Budget 2023: Changes to Pension Rules Encourage People to Stay in Work Longer
In his Budget speech on Wednesday, Chancellor Jeremy Hunt announced a series of changes to pension rules in the UK. These are designed to encourage NHS doctors and other high earners to remain in their jobs for longer, as well as to mitigate the risk of people accessing their money purchase (or DC) savings and re-investing them into pensions to benefit from tax relief.
The government plans to scrap the lifetime allowance on pensions – the total amount of money a person can draw from pensions – and increase the annual allowance from £40,000 to £60,000. This amount is the most you can save in your pension pots in a tax year (6 April to 5 April) before you have to pay tax. The money purchase annual allowance (MPAA), which is designed to stop people who have already dipped into their pension from recycling this cash and benefiting from double tax relief, will rise from £4,000 to £10,000.
The measures are estimated to cost over £1 billion over the next five years.  Shadow Chancellor Rachel Reeves has labelled it a “tax cut for the richest one per cent” and promised to force a vote on it next week.
The changes amount to a huge inheritance tax break, as pensions can usually be passed on free of inheritance tax. The abolishment of the lifetime allowance will also allow people to shelter more money from inheritance tax.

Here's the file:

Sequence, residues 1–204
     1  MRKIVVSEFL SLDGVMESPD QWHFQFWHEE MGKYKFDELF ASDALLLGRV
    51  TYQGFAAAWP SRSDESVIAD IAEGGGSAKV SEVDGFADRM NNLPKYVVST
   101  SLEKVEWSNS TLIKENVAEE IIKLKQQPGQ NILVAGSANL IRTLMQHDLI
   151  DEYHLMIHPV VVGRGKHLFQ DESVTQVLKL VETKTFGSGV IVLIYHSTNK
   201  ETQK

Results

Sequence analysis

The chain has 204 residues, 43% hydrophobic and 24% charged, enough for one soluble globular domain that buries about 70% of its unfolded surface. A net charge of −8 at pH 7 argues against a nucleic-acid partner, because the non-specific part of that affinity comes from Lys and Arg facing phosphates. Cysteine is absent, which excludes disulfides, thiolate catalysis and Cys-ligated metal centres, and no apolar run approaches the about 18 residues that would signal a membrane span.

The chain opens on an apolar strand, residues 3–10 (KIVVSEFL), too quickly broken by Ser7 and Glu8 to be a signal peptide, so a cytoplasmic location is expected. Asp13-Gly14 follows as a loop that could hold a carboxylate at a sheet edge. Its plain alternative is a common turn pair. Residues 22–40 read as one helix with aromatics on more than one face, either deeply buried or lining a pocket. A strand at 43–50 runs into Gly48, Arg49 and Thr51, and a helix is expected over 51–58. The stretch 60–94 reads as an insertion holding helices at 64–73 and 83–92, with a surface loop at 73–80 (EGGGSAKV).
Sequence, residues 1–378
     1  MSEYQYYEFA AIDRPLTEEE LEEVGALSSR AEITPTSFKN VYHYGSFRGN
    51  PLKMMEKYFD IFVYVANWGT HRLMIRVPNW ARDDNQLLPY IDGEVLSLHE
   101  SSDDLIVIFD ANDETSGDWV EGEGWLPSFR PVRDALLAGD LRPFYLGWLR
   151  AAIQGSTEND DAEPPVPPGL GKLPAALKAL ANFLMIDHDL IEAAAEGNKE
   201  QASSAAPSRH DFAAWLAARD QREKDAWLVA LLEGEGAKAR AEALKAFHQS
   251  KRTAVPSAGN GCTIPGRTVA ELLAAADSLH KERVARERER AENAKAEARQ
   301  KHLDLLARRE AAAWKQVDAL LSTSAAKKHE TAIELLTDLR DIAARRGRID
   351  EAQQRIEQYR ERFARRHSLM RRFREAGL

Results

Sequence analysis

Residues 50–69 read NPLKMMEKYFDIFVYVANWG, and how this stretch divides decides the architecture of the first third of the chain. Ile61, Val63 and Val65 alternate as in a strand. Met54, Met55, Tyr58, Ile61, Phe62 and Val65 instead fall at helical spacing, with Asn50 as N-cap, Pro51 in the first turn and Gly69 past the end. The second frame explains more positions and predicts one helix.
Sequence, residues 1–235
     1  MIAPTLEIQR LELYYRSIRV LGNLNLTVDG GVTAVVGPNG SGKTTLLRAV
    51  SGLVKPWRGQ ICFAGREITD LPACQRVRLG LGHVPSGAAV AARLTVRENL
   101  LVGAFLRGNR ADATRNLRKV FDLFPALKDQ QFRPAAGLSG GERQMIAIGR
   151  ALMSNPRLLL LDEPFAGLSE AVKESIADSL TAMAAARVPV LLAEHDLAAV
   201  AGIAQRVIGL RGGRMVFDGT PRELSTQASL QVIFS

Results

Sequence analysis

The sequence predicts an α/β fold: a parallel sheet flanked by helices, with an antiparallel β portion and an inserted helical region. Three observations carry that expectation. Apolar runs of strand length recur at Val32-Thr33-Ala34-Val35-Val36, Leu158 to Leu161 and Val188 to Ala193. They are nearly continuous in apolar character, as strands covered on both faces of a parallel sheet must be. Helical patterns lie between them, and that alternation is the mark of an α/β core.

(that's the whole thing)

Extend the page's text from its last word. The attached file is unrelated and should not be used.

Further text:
The government has said that the changes are necessary to prevent senior consultants from retiring early from the NHS because of the current pension rules. The Treasury spokesperson said: “With lots of people on NHS waiting lists, we need to move quickly – that’s why we’re implementing pension reforms in a matter of weeks to help keep experienced doctors and consultants in our NHS.”
Budget 2023 saw a range of changes to pension rules, some of which will come into effect as soon as April. These changes are designed to encourage people to remain in work for longer, whilst taking advantage of the tax perks for doing so. Whilst some are welcoming the changes, Labour has said it will reverse the “pensions bung for the 1%” if it wins power, with Shadow Chancellor Rachel Reeves labelling it a “tax cut for the richest one per cent”.
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